Rich clients rush to profit from tax giveaway but wealth managers can further target
The sweeping changes to pension taxes announced earlier this year by Chancellor Jeremy Hunt have had a profound impact on the wealth management industry. As richer Britons have sought to work out the impact of the reforms, they have turned to financial advisers and wealth managers for assistance.
In response, the industry has prioritised pensions advice as a key offering, leveraging it to attract more affluent clients to appoint managers to look after their pension savings.
From the 2023-24 financial year onwards, the amount individuals can pay into their pension fund, tax-free, will increase from £40,000 to £60,000 each year. Additionally, the lifetime allowance of just over £1,000,000 is being abolished.
In light of these changes, we at Savanta conducted research to investigate the effects of these changes on high-net-worth individuals (HNWIs) to see how they will invest into their pension funds. The research surveyed individuals with over £1 million investable assets, using our quarterly survey of UK millionaires, Savanta’s MillionaireVue, and 26 leading UK wealth managers in partnership with the FT.
From our data, three in five millionaires have a pension they’re yet to draw down on, meaning the change affected an estimated two million of the country’s wealthiest. And the changes in pension policy have been very important to HNWIs. Many wealth managers (22 of 26) believe that it is a vital investment tool, with pensions typically the second largest asset people are likely to ever own.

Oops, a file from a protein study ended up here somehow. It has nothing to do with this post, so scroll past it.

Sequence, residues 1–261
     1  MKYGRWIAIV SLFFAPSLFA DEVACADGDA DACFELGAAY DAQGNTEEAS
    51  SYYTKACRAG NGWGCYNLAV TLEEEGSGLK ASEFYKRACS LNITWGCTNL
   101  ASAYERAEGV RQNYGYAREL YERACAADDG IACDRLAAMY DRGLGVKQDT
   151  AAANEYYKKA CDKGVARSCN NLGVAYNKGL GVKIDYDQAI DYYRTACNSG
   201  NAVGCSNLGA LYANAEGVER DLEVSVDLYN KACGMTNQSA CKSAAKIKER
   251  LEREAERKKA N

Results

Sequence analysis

Positively for the industry, almost 80% of millionaires affected are aware of the changes. But this falls to only 69% among those with £5m or more in investable assets, perhaps because their wealth is more diversified beyond pension pots, and so the changes have less impact on their total wealth.
And even more positively, many have done something. Two in three HNWIs still paying into their pensions are planning to take advice on the subject in light of the changes, particularly those wealthiest individuals who have £5m-plus in investable assets. And the majority of leading wealth managers we surveyed stated that at least some of their clients have increased contributions to tax- shielded pension pots to the lifetime allowance (23 of 26).
Intriguingly, our research indicates that those who utilise execution-only investment platforms exhibit the highest awareness of the changes, yet they are the least likely to take advantage of the reforms compared to those who already seek professional advice. This suggests a significant opportunity for platforms to refer to advisers and provide valuable content on how to maximise the benefits of the current policy.
The announcement of pension rule changes has been a significant boost for the wealth and financial advice industry, providing a potential distraction from challenging markets and tepid performance. But there appears to be more that can be done to allow the wealthy to enable further investment and steal share from traditional pension providers.
David Barks is a Senior Director in the Wealth Practice at Savanta, a global market research agency, with particular expertise in supporting brands in financial services, wealth and luxury make better decisions.
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